Cinch the web apps
Web applications have really opened up the way enterprises do business. These online applications have made it easier for customers and partners to access data and to conduct transactions. The problem is that this latest wave has also made it easier for hackers to tap into corporate databases. Some web applications were created on the fly by web developers with little grounding in secure coding principles. They’ve been borne out of convenience rather than safety. Some are developed correctly, but with thousands of known vulnerabilities even the best developer cannot keep up with the maintenance. Hackers know this. They also know that these applications are usually linked to some of the biggest and most sensitive data stores businesses own.In order to keep this low-hanging fruit from being plucked by the bad guys, enterprises today must tighten the security around their web apps.

Not so easy does it
At first blush, data protection technology like encryption might seem easy to implement. But the management of these solutions is more complicated than that. Already harried IT organizations must securely create, store and rotate the keys that regulate access to the encrypted data. If they don’t, encrypting just becomes an exercise in futility. The data will still be open to exposure.Smart businesses don’t try to reinvent the wheel by developing their own home-brewed encryption management tools. They let the experts who’ve perfected solutions over the years help them do this. This not only ensures the security of the data consistently across the variety of platforms in an organization, it also frees programmers to work on projects that enable the business.

A return on investment
One of the most difficult parts of spending money on security is that traditional return on investment analysis proves to be difficult with these projects. Calculating a return on a non-event, in this case a prevented security breach, is a challenging task.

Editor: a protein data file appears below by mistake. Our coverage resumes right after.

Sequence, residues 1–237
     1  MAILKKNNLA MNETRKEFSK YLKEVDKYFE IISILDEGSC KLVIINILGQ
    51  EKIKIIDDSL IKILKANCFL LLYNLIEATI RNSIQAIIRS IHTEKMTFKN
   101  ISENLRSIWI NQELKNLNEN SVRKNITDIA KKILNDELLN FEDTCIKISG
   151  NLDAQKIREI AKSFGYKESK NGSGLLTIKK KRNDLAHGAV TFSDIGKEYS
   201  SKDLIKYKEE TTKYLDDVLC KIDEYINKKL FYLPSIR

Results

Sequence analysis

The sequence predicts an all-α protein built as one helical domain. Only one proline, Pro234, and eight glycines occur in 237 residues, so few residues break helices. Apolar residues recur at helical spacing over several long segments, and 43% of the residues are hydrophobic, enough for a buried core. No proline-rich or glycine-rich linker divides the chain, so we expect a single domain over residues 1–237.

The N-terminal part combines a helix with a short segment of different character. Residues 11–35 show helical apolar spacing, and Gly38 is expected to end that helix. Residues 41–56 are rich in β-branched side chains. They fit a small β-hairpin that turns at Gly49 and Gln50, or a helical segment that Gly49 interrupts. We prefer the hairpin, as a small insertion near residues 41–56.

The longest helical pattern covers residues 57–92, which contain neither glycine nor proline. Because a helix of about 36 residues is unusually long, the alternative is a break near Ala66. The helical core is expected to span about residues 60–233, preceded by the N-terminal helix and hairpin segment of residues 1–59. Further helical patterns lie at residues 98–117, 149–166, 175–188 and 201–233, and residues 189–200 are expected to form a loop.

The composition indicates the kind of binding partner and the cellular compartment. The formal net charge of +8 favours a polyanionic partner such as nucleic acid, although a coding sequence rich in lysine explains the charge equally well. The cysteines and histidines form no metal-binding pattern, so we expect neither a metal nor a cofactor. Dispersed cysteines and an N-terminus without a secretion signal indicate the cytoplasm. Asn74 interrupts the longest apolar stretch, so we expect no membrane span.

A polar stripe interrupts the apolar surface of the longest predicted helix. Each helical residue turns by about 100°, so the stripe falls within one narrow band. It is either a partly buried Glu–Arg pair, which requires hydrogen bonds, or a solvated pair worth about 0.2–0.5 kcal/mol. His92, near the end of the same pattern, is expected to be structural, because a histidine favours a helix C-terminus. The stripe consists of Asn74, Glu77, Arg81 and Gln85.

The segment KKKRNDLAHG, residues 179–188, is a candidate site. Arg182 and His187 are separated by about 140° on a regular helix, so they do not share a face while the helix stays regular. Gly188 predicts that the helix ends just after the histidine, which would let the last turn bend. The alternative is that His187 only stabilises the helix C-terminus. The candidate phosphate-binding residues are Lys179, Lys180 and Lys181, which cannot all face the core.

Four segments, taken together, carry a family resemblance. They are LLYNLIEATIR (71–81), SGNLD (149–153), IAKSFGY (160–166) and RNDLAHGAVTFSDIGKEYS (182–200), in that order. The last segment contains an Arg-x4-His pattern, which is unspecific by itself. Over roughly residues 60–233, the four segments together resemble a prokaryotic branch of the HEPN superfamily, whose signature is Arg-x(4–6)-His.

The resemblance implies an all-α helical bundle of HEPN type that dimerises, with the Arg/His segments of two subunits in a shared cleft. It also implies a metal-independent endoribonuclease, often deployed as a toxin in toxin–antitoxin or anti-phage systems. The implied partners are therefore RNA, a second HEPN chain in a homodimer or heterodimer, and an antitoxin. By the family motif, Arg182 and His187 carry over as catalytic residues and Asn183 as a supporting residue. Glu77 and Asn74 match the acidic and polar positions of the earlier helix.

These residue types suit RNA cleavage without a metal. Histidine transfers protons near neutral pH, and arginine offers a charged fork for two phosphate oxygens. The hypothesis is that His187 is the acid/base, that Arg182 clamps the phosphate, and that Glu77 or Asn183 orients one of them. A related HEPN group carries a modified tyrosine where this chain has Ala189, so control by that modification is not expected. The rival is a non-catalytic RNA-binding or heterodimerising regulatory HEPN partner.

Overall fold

However, there is a way to gauge a Return on Data Security Investment (RODSI). It involves the measurement of the many potential costs of a security breach. How much will an exposure cost your business to conduct public relations, to hire credit watch services and to notify customers? These are all very real expenses and many of your competitors are spending money on them today due to their lack of foresight.

Factoring these potential expenditures allows you to develop a meaningful RODSI that can easily justify the cost of data protection.

To learn more visit protegrity.com

TOP DATA SECURITY BREACHES OF 2007

SAIC
By neglecting to encrypt data sent over the Internet, employees of government contractor Science Applications International Corp. put sensitive information of more than 800,000 U.S. service members and their families at risk.

Fidelity National Information Services
A senior-level employee of a subsidiary of financial processing company Fidelity National Information Services stole 2.3 million consumer records containing credit card, bank account and other personally identifiable information.

Los Angeles County Child Support Services Dept.
Several laptops containing personal information – including about 130,500 Social Security numbers – were apparently stolen from the department’s office.